Mr. David Heath (Somerton and Frome) (LD): The Deputy Leader of the House was far too excitable and noisy earlier for me to give an illustration of what I meant by the truncation of consideration. The Northern Ireland Bill, which everyone agreed yesterday was very important, consisted of five clauses and six schedules, but only two clauses were completed in the House and the rest of the Bill was given no scrutiny at all by the elected House. That is no way to run a Parliament.

I agree with the hon. Member for Rutland and Melton (Alan Duncan) that we need a debate on public service broadcasting in the widest sense, particularly in the context of ITV and also because we are losing some very important elements of public service broadcasting, not least children’s television, which has almost completely gone down the drain. We need to make sure that the creative industries in this country are properly supported.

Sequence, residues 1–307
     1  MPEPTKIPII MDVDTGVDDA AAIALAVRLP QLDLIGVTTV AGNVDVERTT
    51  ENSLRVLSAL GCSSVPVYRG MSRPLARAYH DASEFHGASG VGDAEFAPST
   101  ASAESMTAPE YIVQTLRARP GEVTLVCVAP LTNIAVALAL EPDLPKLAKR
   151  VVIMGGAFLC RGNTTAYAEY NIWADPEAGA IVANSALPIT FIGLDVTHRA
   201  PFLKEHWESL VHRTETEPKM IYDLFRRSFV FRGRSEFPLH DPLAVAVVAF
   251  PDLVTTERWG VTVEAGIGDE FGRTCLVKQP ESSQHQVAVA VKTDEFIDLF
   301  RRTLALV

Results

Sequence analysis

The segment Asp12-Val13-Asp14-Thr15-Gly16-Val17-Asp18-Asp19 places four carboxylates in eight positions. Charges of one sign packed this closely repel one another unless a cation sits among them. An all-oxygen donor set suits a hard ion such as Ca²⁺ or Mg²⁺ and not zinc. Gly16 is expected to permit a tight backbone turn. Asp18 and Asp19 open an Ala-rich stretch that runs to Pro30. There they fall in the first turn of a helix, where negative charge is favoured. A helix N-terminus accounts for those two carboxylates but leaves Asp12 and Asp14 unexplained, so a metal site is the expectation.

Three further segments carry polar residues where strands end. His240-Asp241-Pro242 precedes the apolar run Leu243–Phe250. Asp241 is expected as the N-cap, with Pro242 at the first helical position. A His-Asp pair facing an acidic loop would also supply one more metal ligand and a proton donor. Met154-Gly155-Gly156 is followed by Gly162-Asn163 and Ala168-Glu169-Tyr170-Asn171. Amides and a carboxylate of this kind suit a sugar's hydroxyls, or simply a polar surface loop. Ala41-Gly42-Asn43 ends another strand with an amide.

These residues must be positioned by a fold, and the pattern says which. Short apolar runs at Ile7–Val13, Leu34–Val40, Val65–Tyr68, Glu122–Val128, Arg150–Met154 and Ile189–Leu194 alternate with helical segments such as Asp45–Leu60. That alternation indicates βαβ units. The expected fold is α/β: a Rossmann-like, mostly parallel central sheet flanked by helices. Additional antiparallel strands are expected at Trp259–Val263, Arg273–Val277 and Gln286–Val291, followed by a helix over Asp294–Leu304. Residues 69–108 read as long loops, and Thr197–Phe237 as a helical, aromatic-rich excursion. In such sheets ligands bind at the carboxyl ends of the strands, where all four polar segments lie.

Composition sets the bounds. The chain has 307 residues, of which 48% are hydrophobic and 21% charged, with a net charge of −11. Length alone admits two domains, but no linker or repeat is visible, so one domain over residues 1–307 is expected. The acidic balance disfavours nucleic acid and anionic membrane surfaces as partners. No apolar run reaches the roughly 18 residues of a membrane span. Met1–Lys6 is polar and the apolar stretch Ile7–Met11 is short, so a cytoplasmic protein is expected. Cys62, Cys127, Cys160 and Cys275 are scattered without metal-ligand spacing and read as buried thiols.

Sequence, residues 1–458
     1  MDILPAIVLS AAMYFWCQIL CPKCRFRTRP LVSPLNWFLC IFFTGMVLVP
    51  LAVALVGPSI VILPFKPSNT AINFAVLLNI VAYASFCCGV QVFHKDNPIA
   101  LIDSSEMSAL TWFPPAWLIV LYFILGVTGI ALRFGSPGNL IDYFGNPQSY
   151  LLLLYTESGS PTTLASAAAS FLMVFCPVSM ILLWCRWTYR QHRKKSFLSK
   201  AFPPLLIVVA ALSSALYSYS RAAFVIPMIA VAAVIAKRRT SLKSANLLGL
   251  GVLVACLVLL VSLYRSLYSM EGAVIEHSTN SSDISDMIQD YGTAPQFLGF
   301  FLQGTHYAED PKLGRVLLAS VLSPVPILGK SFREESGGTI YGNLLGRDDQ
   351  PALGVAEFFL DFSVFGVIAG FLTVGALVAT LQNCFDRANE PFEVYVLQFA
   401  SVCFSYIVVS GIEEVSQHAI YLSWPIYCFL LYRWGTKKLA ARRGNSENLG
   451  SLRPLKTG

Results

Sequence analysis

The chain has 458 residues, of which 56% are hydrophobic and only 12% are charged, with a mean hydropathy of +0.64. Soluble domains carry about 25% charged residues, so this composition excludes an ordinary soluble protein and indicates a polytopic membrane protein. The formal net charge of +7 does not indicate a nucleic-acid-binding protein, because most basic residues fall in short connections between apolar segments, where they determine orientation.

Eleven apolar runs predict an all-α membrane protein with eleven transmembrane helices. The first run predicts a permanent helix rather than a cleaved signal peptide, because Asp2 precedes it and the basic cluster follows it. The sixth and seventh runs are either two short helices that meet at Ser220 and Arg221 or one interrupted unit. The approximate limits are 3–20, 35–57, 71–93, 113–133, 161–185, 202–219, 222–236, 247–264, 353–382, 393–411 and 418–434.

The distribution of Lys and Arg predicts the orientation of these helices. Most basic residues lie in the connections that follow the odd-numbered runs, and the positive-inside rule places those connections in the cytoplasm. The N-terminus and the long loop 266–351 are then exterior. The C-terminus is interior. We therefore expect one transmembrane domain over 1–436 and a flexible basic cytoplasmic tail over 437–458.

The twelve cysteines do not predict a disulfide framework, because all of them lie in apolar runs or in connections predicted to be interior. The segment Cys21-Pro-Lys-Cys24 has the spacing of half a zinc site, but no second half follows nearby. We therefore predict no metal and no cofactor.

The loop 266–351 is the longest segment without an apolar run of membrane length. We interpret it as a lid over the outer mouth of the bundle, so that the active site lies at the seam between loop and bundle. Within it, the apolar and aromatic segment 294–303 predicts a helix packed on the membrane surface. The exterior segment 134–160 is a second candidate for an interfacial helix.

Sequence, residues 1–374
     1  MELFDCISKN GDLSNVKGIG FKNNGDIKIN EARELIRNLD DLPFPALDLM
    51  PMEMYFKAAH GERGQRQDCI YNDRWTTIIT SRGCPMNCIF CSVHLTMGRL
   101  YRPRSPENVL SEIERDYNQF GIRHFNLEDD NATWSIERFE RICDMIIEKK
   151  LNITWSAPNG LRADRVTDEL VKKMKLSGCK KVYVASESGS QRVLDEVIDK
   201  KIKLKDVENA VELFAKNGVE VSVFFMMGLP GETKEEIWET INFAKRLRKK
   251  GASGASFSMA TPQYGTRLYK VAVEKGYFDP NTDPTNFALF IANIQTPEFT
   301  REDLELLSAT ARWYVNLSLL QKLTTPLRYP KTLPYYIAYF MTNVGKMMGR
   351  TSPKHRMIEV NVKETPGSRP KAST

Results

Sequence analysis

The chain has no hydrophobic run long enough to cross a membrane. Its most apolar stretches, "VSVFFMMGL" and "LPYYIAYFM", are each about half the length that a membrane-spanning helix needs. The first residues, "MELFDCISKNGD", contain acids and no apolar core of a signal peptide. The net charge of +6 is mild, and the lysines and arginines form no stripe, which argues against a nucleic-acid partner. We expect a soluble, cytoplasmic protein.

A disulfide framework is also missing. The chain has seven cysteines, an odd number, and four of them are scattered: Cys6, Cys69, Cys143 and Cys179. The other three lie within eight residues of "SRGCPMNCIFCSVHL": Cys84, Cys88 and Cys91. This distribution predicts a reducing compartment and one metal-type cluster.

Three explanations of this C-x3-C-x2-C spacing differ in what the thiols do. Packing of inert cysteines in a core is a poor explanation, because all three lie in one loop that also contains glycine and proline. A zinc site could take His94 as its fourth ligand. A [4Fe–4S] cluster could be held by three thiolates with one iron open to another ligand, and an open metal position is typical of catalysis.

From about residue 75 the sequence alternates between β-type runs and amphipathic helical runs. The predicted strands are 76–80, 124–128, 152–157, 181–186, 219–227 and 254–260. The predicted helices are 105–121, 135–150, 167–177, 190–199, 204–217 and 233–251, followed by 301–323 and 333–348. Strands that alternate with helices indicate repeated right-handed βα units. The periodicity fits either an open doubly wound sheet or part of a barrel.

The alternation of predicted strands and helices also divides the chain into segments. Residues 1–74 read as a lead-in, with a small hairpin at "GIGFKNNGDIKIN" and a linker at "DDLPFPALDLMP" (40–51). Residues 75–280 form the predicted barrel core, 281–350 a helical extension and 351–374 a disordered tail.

May we have at the very least a statement, if not a debate, on the excellent report on contaminated blood and blood products by the noble Lord Archer of Sandwell? I pay tribute to my hon. Friend the Member for Cardiff, Central (Jenny Willott) and the hon. Members for Knowsley, South (Mr. O’Hara) and for Staffordshire, Moorlands (Charlotte Atkins) for their very good work in that area. It cannot be right that 5,000 haemophiliacs are infected with blood contaminated by HIV or hepatitis C yet no recompense is made and we do not investigate the circumstances. At present, there is no commitment for a Minister even to respond to the report, because it was not Government-commissioned, but I hope that the Government will respond and do so promptly, as the matter is of great public interest.